Travelers have growing expectations from airports, says the latest FlightView Connected Airport survey.
The US-focused survey, available for download here, focuses on the connectivity needs of a growing passenger base. Most recently, IATA reported a 5.3% growth in demand up to September 2014 - a trend that shows no signs of abating, especially as gas prices drop and consumers have more padding in their wallets.
Traveler expectations have expanded into services traditionally delivered by airlines, such as real-time updates and gate information, and indicate that travelers are beginning to see airports as mini-cities with their own structural services similar to a government.
This makes sense, especially as the product offering at airports have expanded to create a more holistic, approachable and enjoyable experience. Airports are now investing heavily in the product, as well as spending money marketing themselves as destinations in a competition for top-of-mind with travelers booking tickets.
The IT spend of airports is expanding to increase investment alongside the bump in traffic, hitting a massive $134 billion this year according to SITA. FlightView surveyed over 2,000 passengers, 37% business and 63% leisure, to determine what specific expectations travelers have, and where airports should be investing the most money.
Mobile device tracking
The survey found that passengers want day-of-travel information from airports that heretofore was seen as part of an airline's responsibility.
Quoted from the report:
- 84 percent expect airports to keep them updated on their flight’s status
- 79 percent want updates on security wait times
- 48 percent would value updates on traffic delays
- 38 percent want to be kept updated on the weather at their destination city
- 24 percent want updates on parking capacity
- 16 percent would value being sent information on available airport amenities, like lounges,
shopping, travel services and more
Airports can actually leverage these expectations to siphon passengers away from airline-branded apps to the airport's digital ecosystem, allowing for a deeper, more profitable engagement.
One of the ways to do that is with active mobile tracking. Passengers want up-to-date information, and iBeacons interspersed throughout terminals allow airports to deliver this granular information. Nearly half of the top 50 airports worldwide are already planning iBeacon/mobile trials in the next three years, showing a healthy appetite to experiment with improving the airport experience through technology.
Mobile tracking also allows airports to offer opt-in extended engagements, where the airport can track movements and offer incentives according to preferences - this is a chance to expand on those 16% that want extended airport information on mobile.
Surprisingly, over 50% of respondents were willing to allow anonymous tracking of mobile phones in order to analyze passenger flow and improve the overall efficiency at the airport. These sorts of improvements can lead to a direct boost of the airport's bottom line: SITA found a 35% drop in retail spend for each additional 10 minutes wait time for security.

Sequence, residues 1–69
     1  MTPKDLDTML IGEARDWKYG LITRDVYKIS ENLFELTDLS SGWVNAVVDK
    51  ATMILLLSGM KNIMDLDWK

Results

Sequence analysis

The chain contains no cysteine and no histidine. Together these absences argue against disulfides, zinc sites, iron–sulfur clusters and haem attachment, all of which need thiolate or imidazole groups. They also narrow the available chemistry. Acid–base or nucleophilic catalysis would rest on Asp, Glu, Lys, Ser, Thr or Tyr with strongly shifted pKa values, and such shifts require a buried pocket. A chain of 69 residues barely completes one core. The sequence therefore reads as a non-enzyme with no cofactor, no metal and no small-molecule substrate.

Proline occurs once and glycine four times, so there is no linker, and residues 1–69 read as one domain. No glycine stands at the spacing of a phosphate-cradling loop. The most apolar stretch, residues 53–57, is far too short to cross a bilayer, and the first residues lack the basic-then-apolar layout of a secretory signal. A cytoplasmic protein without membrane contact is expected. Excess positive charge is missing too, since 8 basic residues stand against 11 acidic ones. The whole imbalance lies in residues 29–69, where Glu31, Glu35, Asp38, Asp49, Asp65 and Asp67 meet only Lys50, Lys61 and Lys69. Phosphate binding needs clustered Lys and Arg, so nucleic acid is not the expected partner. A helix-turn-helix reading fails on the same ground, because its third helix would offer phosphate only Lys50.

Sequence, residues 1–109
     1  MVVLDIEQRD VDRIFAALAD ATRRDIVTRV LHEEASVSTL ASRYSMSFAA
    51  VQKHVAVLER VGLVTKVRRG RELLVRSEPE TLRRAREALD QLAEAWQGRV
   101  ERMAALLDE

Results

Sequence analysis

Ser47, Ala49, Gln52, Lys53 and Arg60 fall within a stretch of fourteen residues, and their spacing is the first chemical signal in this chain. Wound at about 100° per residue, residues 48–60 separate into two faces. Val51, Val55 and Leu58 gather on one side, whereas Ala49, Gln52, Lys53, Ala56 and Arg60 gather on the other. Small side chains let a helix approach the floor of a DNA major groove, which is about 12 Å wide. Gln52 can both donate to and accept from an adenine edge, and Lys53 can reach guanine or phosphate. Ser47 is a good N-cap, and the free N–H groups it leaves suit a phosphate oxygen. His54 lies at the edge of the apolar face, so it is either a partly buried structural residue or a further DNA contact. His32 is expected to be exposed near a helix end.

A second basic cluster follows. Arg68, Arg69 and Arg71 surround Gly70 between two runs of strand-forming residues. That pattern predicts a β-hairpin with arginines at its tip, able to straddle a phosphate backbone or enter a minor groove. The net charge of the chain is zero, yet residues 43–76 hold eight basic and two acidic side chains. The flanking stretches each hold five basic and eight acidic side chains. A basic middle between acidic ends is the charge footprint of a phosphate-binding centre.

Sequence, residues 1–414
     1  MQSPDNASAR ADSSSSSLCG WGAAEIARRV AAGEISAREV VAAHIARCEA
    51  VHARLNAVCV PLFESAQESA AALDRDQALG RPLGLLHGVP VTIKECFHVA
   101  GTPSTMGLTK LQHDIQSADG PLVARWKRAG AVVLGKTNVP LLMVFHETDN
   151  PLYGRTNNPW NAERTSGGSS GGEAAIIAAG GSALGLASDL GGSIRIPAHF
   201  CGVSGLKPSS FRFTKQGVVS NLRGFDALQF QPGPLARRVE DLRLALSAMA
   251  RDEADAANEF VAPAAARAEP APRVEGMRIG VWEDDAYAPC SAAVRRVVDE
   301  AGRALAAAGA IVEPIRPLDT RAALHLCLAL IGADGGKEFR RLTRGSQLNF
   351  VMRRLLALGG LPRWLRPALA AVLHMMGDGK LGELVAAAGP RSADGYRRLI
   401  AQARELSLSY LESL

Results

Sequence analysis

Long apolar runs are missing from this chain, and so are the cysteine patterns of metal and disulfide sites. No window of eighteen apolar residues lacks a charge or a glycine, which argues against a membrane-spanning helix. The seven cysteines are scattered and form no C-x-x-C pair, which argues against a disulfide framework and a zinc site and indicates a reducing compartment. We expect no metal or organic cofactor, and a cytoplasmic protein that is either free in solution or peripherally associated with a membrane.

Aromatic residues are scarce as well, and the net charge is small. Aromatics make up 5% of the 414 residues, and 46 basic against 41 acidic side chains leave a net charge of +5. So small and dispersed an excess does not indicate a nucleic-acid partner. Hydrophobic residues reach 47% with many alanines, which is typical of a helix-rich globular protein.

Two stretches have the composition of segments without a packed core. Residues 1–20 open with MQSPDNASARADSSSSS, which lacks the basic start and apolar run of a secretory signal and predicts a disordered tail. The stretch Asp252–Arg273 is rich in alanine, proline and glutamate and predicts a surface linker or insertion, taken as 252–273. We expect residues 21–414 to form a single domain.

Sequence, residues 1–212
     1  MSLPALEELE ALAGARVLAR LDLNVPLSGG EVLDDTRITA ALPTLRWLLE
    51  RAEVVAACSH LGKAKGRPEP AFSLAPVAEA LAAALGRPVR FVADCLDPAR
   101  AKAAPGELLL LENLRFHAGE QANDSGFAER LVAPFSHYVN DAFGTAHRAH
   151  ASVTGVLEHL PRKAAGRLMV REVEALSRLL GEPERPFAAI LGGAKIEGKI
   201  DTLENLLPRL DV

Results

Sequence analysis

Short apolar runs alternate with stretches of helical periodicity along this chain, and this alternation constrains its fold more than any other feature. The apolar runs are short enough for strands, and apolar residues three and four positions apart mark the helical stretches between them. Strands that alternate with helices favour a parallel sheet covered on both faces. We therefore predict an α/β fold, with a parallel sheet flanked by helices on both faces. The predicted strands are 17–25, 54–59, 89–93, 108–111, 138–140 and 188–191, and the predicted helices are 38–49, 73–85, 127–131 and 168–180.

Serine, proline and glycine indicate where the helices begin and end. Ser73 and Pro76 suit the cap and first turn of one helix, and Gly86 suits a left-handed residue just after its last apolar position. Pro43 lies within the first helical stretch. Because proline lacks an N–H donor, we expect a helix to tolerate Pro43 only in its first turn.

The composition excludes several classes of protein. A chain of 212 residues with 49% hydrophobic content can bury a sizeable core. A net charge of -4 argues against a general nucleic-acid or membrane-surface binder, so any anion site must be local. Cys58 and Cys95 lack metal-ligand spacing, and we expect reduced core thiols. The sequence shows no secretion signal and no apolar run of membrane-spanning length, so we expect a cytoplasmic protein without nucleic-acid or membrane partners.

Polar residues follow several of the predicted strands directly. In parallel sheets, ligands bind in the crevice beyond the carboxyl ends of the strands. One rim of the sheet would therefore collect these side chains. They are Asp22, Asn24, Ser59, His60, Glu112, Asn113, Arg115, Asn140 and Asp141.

JD Power's North American Airport Satisfaction Survey found that, on average, highly satisfied passengers spend up to 45% more in retail shops. So the return on investment in the airport experience can be very healthy, as long as the airport is investing in the correct services.
One of the easiest ways to improve the passenger experience is to offer well-designed self-service technology that decreases wait times, increases throughput and empowers passengers with a feeling of control.
When asked which technologies are the most important, PreCheck and automatic check-in came out on top. While these services are now offered by the majority of airlines at the majority of US airports, several of the other technologies are still emerging.
Automated border control technology enjoyed expanded reach this year, and should soon be available at the majority of international entry points to the United States.
Self-boarding at the gate is being tested by several airlines, such as by United at select gates in Houston, and appears to be on its way to more widespread deployment. The advantage is faster boarding at the gate, as several kiosks can board multiple passengers at once.
However, only a quarter of respondents felt self-boarding would improve the airport experience. Passengers lining up in assigned groups still crowd the automated turnstiles, and the lost footprint by replacing line space with kiosks can create more chaos. Also, there's still a limited number of doors on the plane itself, so pushing more people onto the jetway doesn't necessarily leads to faster boarding times.
This is borne out in which services travelers felt improved the airport experience the most.
The full report can be downloaded here.
NB: Connected airport image courtesy Shutterstock.